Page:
Actually, there are many ways you can put “giving” into practice. You can give something to your customers, employees, suppliers and vendors. You can give something to charity or the community. However, when it comes to Holiday giving, did you know that of all the major and worthwhile charities, The Salvation Army has the lowest administration costs? This means that they have the highest percentage of each dollar donated going directly help to the less fortunate.

I am sure you have seen the Salvation Army volunteers standing outside businesses ringing their bells by a red kettle. Recently, America’s Best Business Practices joined the MainStreetChamber™ Red Kettle team to help collect online contributions to the Salvation Army. You can help us raise money by making a donation (none is too small).  Even better, you too can become a virtual bell ringer for the Salvation Army if you make a commitment to raise a minimum of $150. Either way, we appreciate your help. Simply click on the Red Kettle on the right and make your choice. Allow me to thank you in advance.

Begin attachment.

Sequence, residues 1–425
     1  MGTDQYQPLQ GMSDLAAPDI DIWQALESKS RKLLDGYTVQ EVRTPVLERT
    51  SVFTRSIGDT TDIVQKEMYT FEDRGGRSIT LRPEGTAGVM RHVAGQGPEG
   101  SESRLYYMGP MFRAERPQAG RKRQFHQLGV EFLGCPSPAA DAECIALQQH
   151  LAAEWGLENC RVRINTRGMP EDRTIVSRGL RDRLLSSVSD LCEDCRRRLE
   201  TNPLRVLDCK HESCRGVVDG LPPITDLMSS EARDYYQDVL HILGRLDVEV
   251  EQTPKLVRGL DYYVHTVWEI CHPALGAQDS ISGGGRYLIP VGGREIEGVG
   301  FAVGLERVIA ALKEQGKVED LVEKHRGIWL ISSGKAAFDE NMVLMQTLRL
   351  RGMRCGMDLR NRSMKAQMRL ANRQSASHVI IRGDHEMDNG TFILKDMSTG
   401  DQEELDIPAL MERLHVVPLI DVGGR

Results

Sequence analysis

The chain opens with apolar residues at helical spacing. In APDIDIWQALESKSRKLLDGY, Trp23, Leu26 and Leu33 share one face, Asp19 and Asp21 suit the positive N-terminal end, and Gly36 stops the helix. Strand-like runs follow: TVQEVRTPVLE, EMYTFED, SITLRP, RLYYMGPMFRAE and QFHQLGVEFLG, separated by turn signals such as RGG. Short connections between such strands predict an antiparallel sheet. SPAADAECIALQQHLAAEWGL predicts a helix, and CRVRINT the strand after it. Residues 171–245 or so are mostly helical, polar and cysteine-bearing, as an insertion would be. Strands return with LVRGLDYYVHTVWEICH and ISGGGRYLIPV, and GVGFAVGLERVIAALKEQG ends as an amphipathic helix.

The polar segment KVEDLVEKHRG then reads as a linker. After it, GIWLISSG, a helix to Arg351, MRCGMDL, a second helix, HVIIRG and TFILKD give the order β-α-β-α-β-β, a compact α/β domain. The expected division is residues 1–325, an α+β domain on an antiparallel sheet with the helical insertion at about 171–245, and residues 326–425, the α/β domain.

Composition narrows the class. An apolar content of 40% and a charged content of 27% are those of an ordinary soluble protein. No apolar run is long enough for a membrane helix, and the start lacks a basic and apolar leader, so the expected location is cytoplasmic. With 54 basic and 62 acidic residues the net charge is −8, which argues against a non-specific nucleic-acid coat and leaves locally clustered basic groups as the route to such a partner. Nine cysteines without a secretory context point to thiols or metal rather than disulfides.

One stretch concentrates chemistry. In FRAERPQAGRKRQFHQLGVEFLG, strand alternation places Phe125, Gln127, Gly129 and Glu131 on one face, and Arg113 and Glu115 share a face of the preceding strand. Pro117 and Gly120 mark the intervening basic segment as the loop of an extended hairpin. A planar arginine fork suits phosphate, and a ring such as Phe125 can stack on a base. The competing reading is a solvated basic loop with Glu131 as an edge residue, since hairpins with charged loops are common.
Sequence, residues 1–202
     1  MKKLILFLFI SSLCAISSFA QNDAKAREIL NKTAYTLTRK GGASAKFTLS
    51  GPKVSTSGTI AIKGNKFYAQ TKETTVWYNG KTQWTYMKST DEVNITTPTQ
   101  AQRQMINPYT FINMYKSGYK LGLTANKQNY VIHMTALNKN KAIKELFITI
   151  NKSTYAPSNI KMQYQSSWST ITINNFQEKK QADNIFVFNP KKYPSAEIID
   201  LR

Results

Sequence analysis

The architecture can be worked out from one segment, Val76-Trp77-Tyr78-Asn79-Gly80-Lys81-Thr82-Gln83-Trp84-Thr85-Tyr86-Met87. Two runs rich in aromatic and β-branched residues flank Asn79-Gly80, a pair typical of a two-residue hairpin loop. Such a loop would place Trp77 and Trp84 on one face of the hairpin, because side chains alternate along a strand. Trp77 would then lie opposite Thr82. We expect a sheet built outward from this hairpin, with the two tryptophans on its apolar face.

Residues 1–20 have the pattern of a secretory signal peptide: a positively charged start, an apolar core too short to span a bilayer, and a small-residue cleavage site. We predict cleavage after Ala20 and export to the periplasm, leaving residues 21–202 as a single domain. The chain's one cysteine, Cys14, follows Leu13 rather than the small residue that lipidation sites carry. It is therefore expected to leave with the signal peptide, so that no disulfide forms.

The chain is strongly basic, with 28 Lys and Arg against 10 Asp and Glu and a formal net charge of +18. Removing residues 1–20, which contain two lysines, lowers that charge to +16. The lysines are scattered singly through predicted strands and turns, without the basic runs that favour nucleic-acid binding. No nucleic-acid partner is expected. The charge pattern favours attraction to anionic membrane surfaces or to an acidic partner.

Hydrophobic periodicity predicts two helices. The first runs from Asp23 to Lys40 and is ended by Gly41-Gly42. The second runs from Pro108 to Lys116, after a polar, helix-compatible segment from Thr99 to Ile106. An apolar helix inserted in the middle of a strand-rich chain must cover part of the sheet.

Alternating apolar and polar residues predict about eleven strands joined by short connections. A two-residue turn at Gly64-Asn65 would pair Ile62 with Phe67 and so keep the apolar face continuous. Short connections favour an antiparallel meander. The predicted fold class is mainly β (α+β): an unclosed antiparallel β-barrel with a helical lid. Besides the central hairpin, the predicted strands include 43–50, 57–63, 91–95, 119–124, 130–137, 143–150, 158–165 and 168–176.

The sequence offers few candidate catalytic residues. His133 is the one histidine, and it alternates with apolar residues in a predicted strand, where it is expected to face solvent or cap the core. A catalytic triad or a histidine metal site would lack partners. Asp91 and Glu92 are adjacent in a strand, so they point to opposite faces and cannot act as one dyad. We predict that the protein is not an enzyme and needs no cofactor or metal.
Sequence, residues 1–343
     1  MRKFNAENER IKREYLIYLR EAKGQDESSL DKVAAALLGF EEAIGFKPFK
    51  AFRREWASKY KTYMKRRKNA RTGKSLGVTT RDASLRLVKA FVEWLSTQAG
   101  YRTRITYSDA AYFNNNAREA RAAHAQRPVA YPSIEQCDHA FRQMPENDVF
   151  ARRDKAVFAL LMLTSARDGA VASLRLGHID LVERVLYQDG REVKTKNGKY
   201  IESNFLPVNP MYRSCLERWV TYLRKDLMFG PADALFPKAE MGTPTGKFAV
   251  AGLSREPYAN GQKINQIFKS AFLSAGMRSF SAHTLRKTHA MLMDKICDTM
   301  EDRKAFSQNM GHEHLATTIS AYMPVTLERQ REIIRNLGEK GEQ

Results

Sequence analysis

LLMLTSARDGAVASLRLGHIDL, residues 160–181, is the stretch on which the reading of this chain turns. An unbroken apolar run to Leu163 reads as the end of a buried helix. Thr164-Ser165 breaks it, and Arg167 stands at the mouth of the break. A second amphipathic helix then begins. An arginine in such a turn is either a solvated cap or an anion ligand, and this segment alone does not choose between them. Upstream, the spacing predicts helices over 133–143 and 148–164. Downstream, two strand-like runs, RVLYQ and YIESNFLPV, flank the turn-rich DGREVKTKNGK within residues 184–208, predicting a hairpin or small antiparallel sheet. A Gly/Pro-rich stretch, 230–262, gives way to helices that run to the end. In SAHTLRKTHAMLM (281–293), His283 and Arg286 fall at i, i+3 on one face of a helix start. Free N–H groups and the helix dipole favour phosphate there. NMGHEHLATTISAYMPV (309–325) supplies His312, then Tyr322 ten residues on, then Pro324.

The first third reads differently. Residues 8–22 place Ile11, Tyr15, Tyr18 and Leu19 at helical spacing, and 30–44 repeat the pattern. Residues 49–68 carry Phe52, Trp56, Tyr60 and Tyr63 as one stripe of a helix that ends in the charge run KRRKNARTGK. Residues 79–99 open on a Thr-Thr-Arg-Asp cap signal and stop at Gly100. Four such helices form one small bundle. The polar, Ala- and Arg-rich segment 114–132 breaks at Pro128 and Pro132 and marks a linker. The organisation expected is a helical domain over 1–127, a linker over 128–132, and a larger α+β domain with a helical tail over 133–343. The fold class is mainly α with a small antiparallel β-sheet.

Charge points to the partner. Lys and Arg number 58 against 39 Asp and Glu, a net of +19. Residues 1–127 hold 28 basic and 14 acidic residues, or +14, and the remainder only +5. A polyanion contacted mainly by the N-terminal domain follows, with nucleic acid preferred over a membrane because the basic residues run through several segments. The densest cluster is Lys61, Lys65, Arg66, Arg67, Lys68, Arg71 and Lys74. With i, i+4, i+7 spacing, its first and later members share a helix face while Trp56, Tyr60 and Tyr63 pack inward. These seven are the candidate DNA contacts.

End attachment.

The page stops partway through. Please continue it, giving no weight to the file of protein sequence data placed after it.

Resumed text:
You don’t have to wait for the Holidays to begin the practice of giving. If you look for them, there are countless opportunities to give each and every day of the year. Why not let a stranger go ahead of you at the check out? Why not let another car go ahead of you at a four way stop? Why not pay the check for a stranger at a restaurant?

I am sure that the notion of “giving is better than receiving” is not new to my readers. Some may even smirk a little at the notion. However, I am one who truly believes that giving without expectation of receiving is rewarding. The rewards may not necessarily come directly from the person to whom you gave. And, the rewards many not show up immediately. Except for one; the good feeling you get from making a difference in somebody else’s life. So, what kind of a difference are you making?

Wishing You and Yours The Happiest of Holiday Seasons!

If you would like to contact me, you can do so by visiting my LinkedIn page or emailing me at



Hello Mike,
Very true; it is times like the “great snow storm of 2010″ that make people come together. Also
it always good to know that resources for small businesses are available.
Take care,

Eric, are you dug out yet? It took us a couple of days but we are dug out.

Have a fabulous holiday season!